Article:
These days catharses comes in the form of finding that “needle in a haystack” type of thrift store find. The rush from spotting the perfect piece is my kind of mental refresh, and since I’ve been cutting back on antique hunts as of late because I’m trying to keep more money in the bank and fewer things in our home, those moments are even more precious to me.
That said, when I do stop in at the antique store, one of my favorite things to keep an eye out for is pottery. I know it’s incredibly trendy right now to fill surfaces with handmade pottery, but it’s one of those trends I adore so much, I don’t really mind buying into and “selling out” for it. There’s just something so interesting about owning a one-of-a-kind vessel, knowing that someone made it with their own two hands and that they had their own vision in mind for the finished product.
Earlier this year, I happened upon a pretty sizable collection of handmade pottery in the basement of an antique store here in town. At the time I didn’t really have a spot for any one of the bowls, plates, and cups, but since upsizing the desk in my office, I had a bit more room for tabletop vessels. My first thought in trying to decide what to put there was the vintage pottery at our downtown antique shop.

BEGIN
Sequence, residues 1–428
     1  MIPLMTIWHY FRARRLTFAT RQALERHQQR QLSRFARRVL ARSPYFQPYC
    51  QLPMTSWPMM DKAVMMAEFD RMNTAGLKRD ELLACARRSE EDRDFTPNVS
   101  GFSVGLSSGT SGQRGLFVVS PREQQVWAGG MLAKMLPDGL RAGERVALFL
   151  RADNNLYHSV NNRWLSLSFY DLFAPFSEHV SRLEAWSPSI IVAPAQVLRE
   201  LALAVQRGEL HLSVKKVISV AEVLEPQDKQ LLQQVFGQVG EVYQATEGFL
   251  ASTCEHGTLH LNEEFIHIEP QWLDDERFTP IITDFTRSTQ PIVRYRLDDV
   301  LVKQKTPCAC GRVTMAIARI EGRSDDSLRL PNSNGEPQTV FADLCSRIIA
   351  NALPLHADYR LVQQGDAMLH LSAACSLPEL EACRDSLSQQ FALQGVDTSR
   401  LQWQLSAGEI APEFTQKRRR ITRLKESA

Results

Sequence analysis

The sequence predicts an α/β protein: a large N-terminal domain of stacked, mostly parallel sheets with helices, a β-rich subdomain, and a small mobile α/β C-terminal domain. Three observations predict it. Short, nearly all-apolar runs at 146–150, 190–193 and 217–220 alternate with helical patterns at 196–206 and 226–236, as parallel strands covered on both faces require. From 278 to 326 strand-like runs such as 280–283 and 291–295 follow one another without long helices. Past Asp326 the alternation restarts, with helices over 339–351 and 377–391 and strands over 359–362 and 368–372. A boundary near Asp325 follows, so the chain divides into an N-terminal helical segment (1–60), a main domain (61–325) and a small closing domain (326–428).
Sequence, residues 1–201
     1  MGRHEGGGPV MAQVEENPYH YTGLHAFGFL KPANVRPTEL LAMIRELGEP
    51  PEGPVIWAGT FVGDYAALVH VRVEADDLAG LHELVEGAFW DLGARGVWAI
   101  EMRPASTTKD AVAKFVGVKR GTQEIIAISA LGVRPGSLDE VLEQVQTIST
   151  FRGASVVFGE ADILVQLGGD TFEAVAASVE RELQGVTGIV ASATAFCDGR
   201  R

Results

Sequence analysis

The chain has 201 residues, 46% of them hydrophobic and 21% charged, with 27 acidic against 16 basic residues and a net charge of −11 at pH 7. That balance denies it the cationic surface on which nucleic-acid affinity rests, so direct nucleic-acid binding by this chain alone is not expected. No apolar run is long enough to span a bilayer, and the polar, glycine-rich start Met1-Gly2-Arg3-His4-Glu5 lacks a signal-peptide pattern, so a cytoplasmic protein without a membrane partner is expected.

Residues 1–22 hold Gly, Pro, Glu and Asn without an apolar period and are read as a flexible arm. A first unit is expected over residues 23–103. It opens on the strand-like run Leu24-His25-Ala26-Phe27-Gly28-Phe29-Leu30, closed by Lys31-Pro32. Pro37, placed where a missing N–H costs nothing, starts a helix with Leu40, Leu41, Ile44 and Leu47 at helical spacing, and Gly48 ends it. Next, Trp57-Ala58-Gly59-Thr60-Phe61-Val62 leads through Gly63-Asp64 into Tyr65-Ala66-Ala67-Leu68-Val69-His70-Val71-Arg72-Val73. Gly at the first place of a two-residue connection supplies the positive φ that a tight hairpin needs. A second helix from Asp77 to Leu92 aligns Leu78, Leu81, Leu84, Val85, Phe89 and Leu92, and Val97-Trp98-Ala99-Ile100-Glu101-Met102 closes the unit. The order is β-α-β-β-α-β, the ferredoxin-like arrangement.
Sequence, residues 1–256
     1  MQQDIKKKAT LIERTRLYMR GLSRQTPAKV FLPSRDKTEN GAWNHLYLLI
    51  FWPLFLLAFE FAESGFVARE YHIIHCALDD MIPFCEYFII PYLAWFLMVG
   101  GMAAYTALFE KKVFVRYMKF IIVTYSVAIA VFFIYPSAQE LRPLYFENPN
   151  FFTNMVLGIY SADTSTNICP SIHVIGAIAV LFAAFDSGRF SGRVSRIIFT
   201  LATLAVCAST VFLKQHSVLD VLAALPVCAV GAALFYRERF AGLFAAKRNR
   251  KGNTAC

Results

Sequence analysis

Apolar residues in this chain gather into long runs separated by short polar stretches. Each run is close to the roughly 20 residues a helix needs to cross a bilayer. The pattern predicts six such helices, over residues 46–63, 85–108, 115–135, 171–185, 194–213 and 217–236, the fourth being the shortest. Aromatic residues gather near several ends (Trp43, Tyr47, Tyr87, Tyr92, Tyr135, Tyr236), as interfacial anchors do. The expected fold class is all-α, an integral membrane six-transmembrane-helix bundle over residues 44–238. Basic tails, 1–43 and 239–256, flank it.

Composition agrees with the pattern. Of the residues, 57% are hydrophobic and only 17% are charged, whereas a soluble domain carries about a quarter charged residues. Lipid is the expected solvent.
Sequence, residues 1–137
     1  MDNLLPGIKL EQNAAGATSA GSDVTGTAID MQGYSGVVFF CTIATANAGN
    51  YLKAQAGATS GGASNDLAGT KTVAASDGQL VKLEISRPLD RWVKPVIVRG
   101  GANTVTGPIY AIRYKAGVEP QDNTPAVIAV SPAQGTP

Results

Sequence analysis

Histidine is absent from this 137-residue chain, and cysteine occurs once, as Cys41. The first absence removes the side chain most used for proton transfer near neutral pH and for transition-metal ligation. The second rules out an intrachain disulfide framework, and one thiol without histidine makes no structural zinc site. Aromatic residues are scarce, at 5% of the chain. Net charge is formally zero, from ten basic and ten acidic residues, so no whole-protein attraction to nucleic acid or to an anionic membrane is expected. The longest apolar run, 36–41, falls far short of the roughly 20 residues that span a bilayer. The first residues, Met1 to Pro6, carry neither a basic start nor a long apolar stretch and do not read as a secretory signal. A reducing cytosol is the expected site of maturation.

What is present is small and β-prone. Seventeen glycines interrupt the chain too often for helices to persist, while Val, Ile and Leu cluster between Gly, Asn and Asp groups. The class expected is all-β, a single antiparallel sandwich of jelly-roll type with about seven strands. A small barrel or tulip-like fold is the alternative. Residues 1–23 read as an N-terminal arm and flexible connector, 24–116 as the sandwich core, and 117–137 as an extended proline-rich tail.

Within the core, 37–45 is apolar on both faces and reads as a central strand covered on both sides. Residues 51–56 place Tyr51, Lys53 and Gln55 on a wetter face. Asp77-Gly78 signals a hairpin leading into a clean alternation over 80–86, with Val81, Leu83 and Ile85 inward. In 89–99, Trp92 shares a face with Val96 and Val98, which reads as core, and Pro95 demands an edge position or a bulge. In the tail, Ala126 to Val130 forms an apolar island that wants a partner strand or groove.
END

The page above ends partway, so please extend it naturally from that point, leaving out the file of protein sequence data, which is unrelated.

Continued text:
I’ve since been back to the display of secondhand clay containers a couple more times to grab additional pieces for gifts and other little spots throughout our house, and I noticed that the shop always seemed to have new pottery to fill what I took home. Come to find out from the store owner that the bowls are all part of a huge estate, and that the family of the woman who used to collect them so religiously replenishes the display at the antique shop every month or so.
Knowing that someone so painstakingly gathered up all of these pieces of old pottery makes me appreciate the handful that I’ve chosen for myself even more. And the great thing about feeding this new secondhand addiction of mine is that pottery can serve all sorts of purposes around the house, so each one is a pretty practical purchase. Read on for a bunch of uses that I quickly came up with just now for pottery in a home.
8 Uses For Vintage Handmade Pottery
- Sugar dish by the coffee maker
- Pencils and glasses holder on a desk
- Jewelry organizer
- Place to stash keys next to the front door
- Salt cellar by the stove
- Makeup brush holder
- Succulent planter
- Dog treats dish
I mean, really, that list could go on and on, but you get the point—pottery is something you don’t need to feel guilty about picking up every chance you get. At least that’s what I keep telling myself.
So, what are your favorite things to buy at antique stores? Are you just as into vintage pottery as I am? Whatever your goals, I wish you the best of luck with your secondhand treasure hunt this weekend!